Debate heats up over independence currency plans


   By Martin Kelly

The row over what currency would be adopted by an independent Scotland erupted yesterday with both sides accusing the other of having fragmented coalitions.

Responding to a press release issued by the anti-independence campaign Better Together, who claimed that the SNP wanted to “rejoin” the United Kingdom “through a currency union”, the SNP highlighted what it claimed was a Unionist U-turn over claims an independent Scotland would have to join the euro.

The war of words follows claim and counter claim over the SNP policy of keeping the pound following independence.  Finance Secretary John Swinney has insisted that an agreement on the role of the Bank of England would be beneficial to both Scotland the rest of the United Kingdom.

Mr Swinney’s policy has the backing of respected international economists and head of Better Together Alstair Darling who has conceded such an arrangement would be “desirable”.

However, Better Together has seized on comments made by some members of Yes Scotland who have argued that a separate Scottish currency should also be considered.  Respected economist, Jim Cuthbert recently claimed that the UK economy was heading for catastrophe and an independent Scotland should look to creating its own currency in the long term.

Also arguing for a separate Scottish currency was Colin Fox of the Scottish Socialist Party who said it made “most sense” and former Deputy leader of the SNP Jim Fairlie who pointed out that the Scottish government’s working commission themselves advocated a currency union with the rest of the UK only “in the immediate aftermath of independence.”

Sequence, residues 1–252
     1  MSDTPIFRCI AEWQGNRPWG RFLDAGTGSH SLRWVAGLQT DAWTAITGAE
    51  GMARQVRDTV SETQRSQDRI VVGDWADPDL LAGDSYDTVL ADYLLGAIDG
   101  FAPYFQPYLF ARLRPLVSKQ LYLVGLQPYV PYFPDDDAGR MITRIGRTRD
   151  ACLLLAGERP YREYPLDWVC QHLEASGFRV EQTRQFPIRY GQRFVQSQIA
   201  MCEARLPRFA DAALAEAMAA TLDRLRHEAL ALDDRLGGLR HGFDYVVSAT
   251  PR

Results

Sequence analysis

Former SNP leader, Gordon Wilson, said: “If there is to be any economic advantage with independence, it is to ensure that we have all the tools to manage its economy differently from the Union.  The elephant in the room is the domination of the UK economy by London and the South of England.  Increasingly, under the Union, that is where the prosperity, the increasing population and the political clout are to be found.”

The debate over currency between those in favour of independence was described by Better Together campaign chief Blair McDougall as “the separation coalition … openly attacking one another’s policies”

Mr McDougall added: “The past week has exposed the crisis of credibility that lies at the heart of the nationalist case for separation.  Be it on the EU, NATO, Currency or Pensions everything that the SNP campaign asserts does not stand up to the slightest scrutiny.  When challenged, their policies simply fall apart.”

However the SNP hit back by pointing out that the anti-independence coalition were now backtracking on earlier claims that an independent Scotland would be forced to adopt the euro.

SNP MSP Annabelle Ewing also highlighted the differences on policy amongst the Unionist parties when it came to the euro.  The Lib Dems are officially still in favour of joining the euro, whilst Labour has still not ruled it out whereas their No campaign allies the Tories have rejected joining the euro out of hand.

Responding, Ms Ewing said

“Up until just a few weeks ago the anti-independence parties were insisting that an independent Scotland would have no option but to use the euro, and that scare story has been comprehensively rebutted.

“And of course only a week ago Alistair Darling was telling us that nothing George Osborne says has got much credibility – yet he is acting as the Tory Chancellor’s chief spokesperson in Scotland.

“The pound is Scotland’s currency every bit as much as it is the rest of the UK’s, and Scottish Government policy for a formal sterling area post-independence is clear.

“One of the great benefits of independence is that we would have access to and control 100% of the revenue raised in Scotland, so that we can design tax and economic policies that are right for Scotland.”

“The No campaign wants to leave control of the fiscal and economic levers in George Osborne’s hands.”

In 2010, the Lib Dem manifesto stated: “We believe that it is in Britain’s long-term interest to be part of the euro. But Britain should join only when the economic conditions are right, and in the present economic situation, they are not at the moment.”

The Labour party manifesto included the pledge: “On the euro, we hold to our promise that there will be no membership of the single currency without the consent of the British people in a referendum.”

The Conservatives dismissed any possibility of joining the euro: “We will work constructively with the EU, but we will not hand over any more areas of power and we will never join the euro.”